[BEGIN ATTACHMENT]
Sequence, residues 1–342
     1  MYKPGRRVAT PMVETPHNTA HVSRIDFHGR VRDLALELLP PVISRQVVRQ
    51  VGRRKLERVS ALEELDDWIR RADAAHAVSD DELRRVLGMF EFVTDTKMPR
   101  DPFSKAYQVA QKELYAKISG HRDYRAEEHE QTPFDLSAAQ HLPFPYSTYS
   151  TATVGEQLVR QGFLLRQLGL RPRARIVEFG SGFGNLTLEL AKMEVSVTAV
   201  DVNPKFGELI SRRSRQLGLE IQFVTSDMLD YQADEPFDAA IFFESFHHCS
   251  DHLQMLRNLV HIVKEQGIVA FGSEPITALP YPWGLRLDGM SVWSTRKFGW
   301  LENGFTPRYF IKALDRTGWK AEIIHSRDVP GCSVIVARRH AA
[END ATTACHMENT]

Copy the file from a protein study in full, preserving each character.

Sequence, residues 1–342
     1  MYKPGRRVAT PMVETPHNTA HVSRIDFHGR VRDLALELLP PVISRQVVRQ
    51  VGRRKLERVS ALEELDDWIR RADAAHAVSD DELRRVLGMF EFVTDTKMPR
   101  DPFSKAYQVA QKELYAKISG HRDYRAEEHE QTPFDLSAAQ HLPFPYSTYS
   151  TATVGEQLVR QGFLLRQLGL RPRARIVEFG SGFGNLTLEL AKMEVSVTAV
   201  DVNPKFGELI SRRSRQLGLE IQFVTSDMLD YQADEPFDAA IFFESFHHCS
   251  DHLQMLRNLV HIVKEQGIVA FGSEPITALP YPWGLRLDGM SVWSTRKFGW
   301  LENGFTPRYF IKALDRTGWK AEIIHSRDVP GCSVIVARRH AA